where f_{C}(r_{ij}), f_{R}(r_{ij}), and f_{A}(r_{ij}) are the cutoff, repulsive, and attractive pair interactions, respectively, between bead i and j separated by a distance r_{ij}, and b_{ij} is a bondorder parameter which modifies the pair interaction strength between bead i and j depending on their local chemical environment.
The cutoff function limits the range of interaction mainly to improve computational efficiency. The function is given by
where R and D are free parameters that are chosen to include only the first nearest neighbors, such that their pair interactions are smoothly reduced starting from the distance R−D and are completely turned off beyond the distance R+D.
The repulsive and attractive pair interactions between CG water beads are modeled using exponential decay functions given by
where A, B, λ_{1}, and λ_{2} are free parameters that control the overall strength and length scale of the repulsive and attractive potentials. Furthermore, the strength of f_{A}(r) between beads i and j is scaled by a bondorder term b_{ij} which is given by
where β, n, c, d, and cosθ_{0} are free parameters. ξ_{ij} defines the effective coordination of bead i, taking into account the relative distances r_{ik} and interatomic angles θ_{ijk} of its neighboring beads. The threebody angular dependence is described by the function g(θ), which has minima defined by cosθ_{0} and the strength and sharpness of its effect controlled by c and d.
Machine learned bondorder potential with onthefly dihedrals
Typical potentials (e.g., StillingerWeber or bondorder based such as Tersoff as described above) are based on first nearest neighbor interactions and hence the functional forms do not explicitly distinguish (energetically) between cubic and hexagonal ice structures. To address this limitation, we extend the Tersoff bondorder potentials to include onthefly dihedral calculations similar to that implemented in AIREBO type models^{13}. The dihedral potential function is described by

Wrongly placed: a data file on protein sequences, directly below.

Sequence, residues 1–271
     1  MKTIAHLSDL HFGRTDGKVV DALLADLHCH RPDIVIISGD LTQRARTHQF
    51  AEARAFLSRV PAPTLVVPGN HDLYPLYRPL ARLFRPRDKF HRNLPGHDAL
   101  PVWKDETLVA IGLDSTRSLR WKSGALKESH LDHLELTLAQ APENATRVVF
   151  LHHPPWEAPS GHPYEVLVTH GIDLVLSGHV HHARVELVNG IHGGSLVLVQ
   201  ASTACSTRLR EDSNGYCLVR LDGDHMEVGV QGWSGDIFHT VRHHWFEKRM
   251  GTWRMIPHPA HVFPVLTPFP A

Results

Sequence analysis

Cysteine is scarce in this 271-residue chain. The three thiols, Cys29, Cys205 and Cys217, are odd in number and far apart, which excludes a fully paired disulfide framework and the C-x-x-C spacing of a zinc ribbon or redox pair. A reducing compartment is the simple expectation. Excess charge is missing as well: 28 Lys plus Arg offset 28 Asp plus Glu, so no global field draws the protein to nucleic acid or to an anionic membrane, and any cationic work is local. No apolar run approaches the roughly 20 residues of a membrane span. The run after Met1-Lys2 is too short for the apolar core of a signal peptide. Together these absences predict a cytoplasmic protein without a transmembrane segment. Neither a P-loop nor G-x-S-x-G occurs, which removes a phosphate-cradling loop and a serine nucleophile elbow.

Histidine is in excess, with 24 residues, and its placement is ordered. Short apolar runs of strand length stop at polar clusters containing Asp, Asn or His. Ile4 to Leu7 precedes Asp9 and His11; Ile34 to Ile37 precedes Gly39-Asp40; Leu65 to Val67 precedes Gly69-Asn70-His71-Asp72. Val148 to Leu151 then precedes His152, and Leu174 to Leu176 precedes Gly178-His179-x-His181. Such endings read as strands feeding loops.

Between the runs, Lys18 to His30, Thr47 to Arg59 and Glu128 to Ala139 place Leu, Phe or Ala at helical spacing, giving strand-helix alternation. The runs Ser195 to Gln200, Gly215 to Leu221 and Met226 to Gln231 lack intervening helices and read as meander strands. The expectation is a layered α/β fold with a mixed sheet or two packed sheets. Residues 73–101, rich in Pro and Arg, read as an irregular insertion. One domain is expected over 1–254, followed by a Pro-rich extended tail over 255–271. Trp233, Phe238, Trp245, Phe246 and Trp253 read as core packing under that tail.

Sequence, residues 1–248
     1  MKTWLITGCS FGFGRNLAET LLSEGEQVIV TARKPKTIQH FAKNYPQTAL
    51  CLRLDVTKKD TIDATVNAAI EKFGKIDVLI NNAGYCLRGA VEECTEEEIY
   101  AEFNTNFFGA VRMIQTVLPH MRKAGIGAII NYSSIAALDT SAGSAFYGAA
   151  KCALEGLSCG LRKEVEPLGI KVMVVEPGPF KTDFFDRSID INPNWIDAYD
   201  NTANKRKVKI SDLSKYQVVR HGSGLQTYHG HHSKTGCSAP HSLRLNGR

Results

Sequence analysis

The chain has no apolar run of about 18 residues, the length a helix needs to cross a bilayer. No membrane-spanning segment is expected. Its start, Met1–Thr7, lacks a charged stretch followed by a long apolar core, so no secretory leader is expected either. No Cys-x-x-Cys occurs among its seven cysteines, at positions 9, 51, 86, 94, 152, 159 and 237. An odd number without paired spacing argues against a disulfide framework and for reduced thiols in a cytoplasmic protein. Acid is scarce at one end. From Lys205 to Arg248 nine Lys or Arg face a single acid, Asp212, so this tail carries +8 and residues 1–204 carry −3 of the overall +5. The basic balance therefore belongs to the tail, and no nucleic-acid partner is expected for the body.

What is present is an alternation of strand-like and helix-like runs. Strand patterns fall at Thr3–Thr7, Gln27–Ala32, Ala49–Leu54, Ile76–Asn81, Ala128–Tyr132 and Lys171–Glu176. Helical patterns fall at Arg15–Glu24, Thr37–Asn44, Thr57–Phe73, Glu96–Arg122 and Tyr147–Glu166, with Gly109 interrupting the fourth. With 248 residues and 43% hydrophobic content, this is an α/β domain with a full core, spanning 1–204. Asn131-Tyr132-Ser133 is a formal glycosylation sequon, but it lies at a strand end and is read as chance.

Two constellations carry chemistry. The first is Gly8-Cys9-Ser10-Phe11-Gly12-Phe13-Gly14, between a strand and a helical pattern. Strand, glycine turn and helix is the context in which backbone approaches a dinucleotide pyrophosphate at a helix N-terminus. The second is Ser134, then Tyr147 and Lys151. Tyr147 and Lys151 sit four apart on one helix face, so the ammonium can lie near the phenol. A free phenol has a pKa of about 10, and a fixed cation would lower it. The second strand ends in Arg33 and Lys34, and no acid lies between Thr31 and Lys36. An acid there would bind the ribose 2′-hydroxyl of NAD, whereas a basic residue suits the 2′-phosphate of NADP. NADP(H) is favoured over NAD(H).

where k_{dih} is the minimum welldepth, p controls the steepness of the well, and φ is the dihedral angle. In contrast to the dihedral potential functions typically used in rigidbond models, the welldepth (and number of minima) of this potential changes depending on the number and local coordination of water beads. To improve computational efficiency and to handle any discontinuities due to this reactive characteristic, the Tersoff cutoff function, f_{C}(r), is applied to every pair of water beads constituting a dihedral angle and an angular cutoff function, f_{D}(θ), is applied to every triplet of those water beads.
where cosθ_{1a} and cosθ_{2b} define the lower and upper bounds of the angular cutoff analogous to R+D in f_{C}(r), cosθ_{1b} and cosθ_{2a} define the switching angle for the lower and upper bound angular cutoffs analogous to R−D in f_{C}(r).
Model parameterization
The parameterization of MLBOP for water requires simultaneous optimization of 11 free parameters (R, D, A, B, λ_{1}, λ_{2}, β, n, c, d, cosθ_{0}). Likewise, the parameterization of MLBOP_{dih} for water requires optimization of 17 free parameters (R, D, A, B, λ_{1}, λ_{2}, β, n, c, d, cosθ_{0}, cosθ_{1a}, cosθ_{1b}, cosθ_{2a}, cosθ_{2b}, k, p), which makes independent fitting of the parameters infeasible. Most of these parameters do not correspond to physical properties of the system, so they cannot be chosen based on intuition. In this work, we employ global and local optimization techniques and stateoftheart machine learning principles to search for an optimized parameter set for water as described below.
Multilevel hierarchical objective machine learning workflow
Our machine learning workflow to train the CG models is illustrated in Fig. 1. In our training scheme (Fig. 1a), we introduce a multilevel evolutionary strategy (hierarchical objective genetic algorithm—HOGA) to train the ML models against an extensive training data set of energies and structural properties of ice and liquid water derived from the best available atomistic model (TIP4P/2005), supplemented by experimental data. The training data in the case of MLBOP_{dih} also includes first principles energetic differences reported for cubic and hexagonal ice phases^{14}. This elaborate training data set ensures an adequate representation of the diverse configurational space of ice and liquid water while amply sampling the energy landscape. We use HOGA to perform a global search followed by local optimization to find the optimized model parameters (Fig. 1b). This circumvents problems encountered with the local minimizers often used in force field fitting that rely on good starting guesses. An important new aspect of our scheme is that the iterations involve not just static evaluations of potential properties but also temperaturedependent properties sampled dynamically from several MD trajectories during the evolutionary process (10’s of milliseconds of overall MD trajectories). HOGA aids in an accelerated evolutionary search by efficiently sampling the parameter landscape within a given GA generation, and overcoming the limitation of assigning arbitrary weights within a single objective thereby ensuring that all the properties (static or dynamic) are equally well described.
Training data set